We’ve all been to wonderful places that bring memories flooding back to us. Places of awesome beauty, like the Canadian Rockies. Places of great excitement like the Grand Ole Opry. Even a quiet spot under a tree at Grandma’s house. Here’s one of the places I remember from my own past.
As we headed for the restaurant, I didn’t expect much. After all, we were in a small town on I-84 in northeastern Oregon with little reason to be of any importance.
It had been a good day. Leaving my sister’s condominium in south Spokane, we discovered some delightful views from South Hatch Street as we dropped down from a higher elevation into the valley where U.S. 195 ran.
Most of the drive from there to Lewiston, Idaho, traverses gently rolling farmland, but a startling change occurs just before we got to Lewiston. U.S. 195, feeds into U.S. 95, which begins a dramatic descent into the valley of the Snake River, where the twin cities of Lewiston, Idaho, and Clarkston, Washington, are located.
Due to a late start from my sister’s, we were ready for lunch about that time. We found a nice city park in Clarkston on the riverbank.
You’ve gotta understand how it is back home for us Texans. Most rivers are either dried up arroyos or small, feeble streams. Our major rivers are a muddy brown with a flow rate of maybe a mile a day. When we see a clear mountain creek or river or one that flows rapidly, we get all excited.
The Snake at this point is both. I don’t remember if it’s as clear as a little mountain stream, but it’s definitely clearer than what we see at home, and it definitely flows. I’m sure it has many times more daily flow of water than the Trinity around Fort Worth. We loved sitting in the motorhome and watching the river go by as we ate.
Leaving Clarkston on S.H. 129, we paralleled the river as it separated the two cities and their states. Once away from town, we began a climb of heroic degree. Within sight of town we went from the river level of around 1200 to 1300 feet to over 3000 feet, and a few miles farther along we topped out over 4000 feet. I was afraid our gasoline-powered engine might overheat, but it didn’t—quite.
We spent the next couple of hours climbing and descending big grades as we drove through an almost primitive area of southeastern Washington and northeastern Oregon. My engine heat indicator would move over toward the redline as we climbed and then make a swift move back toward cold as we coasted down. A bit taxing on both the engine and the driver, not to mention the brakes, which had to keep the motorhome and our tow car under control on the downhill parts.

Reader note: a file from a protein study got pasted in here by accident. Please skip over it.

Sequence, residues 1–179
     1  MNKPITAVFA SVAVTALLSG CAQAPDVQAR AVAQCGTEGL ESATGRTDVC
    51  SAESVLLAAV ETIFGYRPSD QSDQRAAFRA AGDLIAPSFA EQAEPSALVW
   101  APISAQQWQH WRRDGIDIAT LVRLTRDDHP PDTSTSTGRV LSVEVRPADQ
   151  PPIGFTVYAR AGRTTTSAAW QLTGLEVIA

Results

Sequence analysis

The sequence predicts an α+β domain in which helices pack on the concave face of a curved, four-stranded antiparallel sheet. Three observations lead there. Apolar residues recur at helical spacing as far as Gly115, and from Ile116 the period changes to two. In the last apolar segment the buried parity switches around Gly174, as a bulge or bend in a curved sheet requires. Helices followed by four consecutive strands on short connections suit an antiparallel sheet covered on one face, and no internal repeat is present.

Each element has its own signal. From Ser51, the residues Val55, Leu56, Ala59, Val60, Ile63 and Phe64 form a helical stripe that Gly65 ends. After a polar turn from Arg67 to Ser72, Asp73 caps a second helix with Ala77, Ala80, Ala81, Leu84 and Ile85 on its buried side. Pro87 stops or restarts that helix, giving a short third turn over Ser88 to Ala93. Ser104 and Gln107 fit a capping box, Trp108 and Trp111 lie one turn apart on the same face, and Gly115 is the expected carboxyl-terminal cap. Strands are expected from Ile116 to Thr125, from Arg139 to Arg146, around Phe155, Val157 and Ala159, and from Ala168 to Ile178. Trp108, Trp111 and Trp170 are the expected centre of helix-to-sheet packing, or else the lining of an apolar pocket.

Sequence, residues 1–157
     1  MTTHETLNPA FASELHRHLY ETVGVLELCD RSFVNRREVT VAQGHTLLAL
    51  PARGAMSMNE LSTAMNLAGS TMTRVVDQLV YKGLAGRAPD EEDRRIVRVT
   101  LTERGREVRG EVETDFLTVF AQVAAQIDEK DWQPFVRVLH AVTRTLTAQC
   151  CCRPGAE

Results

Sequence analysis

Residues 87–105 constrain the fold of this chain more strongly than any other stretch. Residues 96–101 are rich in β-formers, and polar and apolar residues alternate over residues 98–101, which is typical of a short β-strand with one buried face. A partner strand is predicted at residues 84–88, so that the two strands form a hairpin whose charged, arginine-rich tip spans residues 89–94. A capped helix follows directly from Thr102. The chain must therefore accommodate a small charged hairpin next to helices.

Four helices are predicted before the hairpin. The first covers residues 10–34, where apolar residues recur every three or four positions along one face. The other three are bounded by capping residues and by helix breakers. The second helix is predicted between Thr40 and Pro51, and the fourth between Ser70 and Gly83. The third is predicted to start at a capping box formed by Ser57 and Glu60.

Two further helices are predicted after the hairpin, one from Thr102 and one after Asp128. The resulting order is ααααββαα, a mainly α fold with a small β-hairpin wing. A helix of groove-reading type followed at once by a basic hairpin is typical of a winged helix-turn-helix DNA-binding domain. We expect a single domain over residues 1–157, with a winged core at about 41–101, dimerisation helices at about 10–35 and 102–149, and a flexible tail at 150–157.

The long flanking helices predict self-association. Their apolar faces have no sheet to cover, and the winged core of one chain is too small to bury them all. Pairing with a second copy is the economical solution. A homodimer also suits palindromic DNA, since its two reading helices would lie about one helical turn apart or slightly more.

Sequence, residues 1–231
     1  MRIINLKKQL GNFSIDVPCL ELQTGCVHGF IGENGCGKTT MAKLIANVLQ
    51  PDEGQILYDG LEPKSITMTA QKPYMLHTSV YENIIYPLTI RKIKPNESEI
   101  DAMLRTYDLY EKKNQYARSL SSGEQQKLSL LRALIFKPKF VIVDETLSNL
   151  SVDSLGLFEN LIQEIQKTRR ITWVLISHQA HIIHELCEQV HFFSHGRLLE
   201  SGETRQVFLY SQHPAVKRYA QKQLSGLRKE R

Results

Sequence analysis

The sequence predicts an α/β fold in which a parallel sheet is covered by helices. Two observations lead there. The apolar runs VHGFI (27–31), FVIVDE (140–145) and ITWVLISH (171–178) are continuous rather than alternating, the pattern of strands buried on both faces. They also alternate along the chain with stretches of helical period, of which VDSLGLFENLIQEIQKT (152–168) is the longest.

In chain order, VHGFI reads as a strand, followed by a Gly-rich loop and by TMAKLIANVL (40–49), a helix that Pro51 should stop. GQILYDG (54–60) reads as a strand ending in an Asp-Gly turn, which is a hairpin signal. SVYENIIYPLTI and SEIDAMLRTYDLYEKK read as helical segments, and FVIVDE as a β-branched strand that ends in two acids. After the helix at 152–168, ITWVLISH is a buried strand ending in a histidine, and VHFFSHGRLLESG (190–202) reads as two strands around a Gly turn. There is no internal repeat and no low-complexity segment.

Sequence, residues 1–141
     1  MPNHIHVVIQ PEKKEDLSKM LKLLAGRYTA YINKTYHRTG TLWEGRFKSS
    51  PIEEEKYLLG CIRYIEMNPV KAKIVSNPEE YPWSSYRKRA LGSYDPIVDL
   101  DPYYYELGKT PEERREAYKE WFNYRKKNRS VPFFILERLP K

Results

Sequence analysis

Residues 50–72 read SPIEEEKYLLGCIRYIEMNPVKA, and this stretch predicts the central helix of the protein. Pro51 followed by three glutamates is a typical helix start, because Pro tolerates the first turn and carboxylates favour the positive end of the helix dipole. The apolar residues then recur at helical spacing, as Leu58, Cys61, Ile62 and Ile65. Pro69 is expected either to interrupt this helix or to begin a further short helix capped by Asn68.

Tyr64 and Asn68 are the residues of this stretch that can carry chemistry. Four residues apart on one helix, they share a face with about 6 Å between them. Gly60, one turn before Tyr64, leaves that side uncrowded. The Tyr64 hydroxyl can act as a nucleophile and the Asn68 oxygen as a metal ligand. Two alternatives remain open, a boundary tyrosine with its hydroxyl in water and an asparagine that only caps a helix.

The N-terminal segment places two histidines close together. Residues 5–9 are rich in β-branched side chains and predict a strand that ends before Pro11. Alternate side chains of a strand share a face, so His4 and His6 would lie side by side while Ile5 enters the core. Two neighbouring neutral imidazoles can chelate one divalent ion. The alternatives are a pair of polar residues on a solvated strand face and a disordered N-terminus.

The country we passed through exhibited an unbelievable beauty. No wild vistas of distant mountains. We traversed a canyon that occasionally opened into a little valley, with the other side of the canyon rising too high to afford any long distance view—but the canyon itself was magnificent.
The area seemed almost unchanged since the days of the pioneers. I doubt if we met more than half a dozen vehicles during the entire 85-mile trip from Clarkston to Enterprise, Oregon. The terrain leveled out as we neared Enterprise, and the rest of the trip to La Grange was nice, but the spectacular scenery was behind us.
Pulling into the RV park at La Grange, I asked the lady in the office for the name of a good restaurant for supper. I told her I was in the mood for a steak, and she told me I had to try Ten Depot Street. The name also turned out to be the address, which she pointed out to us on a little map of the town.
The exterior of the building was unassuming, and the interior, homey and comfortable. I ordered prime rib with baked potato and salad. I told the waitress I wanted the rarest piece in the kitchen. My mouth can hardly stand to have anything dry in it. Whether it’s pancakes with a little raw batter left in the center, brownies a little moist in the middle or extra rare steaks, I want my food moist.
The slab of prime rib the waitress served me was such a bright red I wanted to jump up and hug her. It fairly melted in my mouth. I’ve had a lot of good prime ribs in a lot of different restaurants—some very fancy and high-priced—but none ever any better than in the small restaurant in this small Oregon town. If I’m ever anywhere near there again, I’d probably drive 100 miles out of the way to eat there.
Ø What’s your favorite restaurant?
Ø Do you remember and think about restaurants where you’ve eaten in faraway places?
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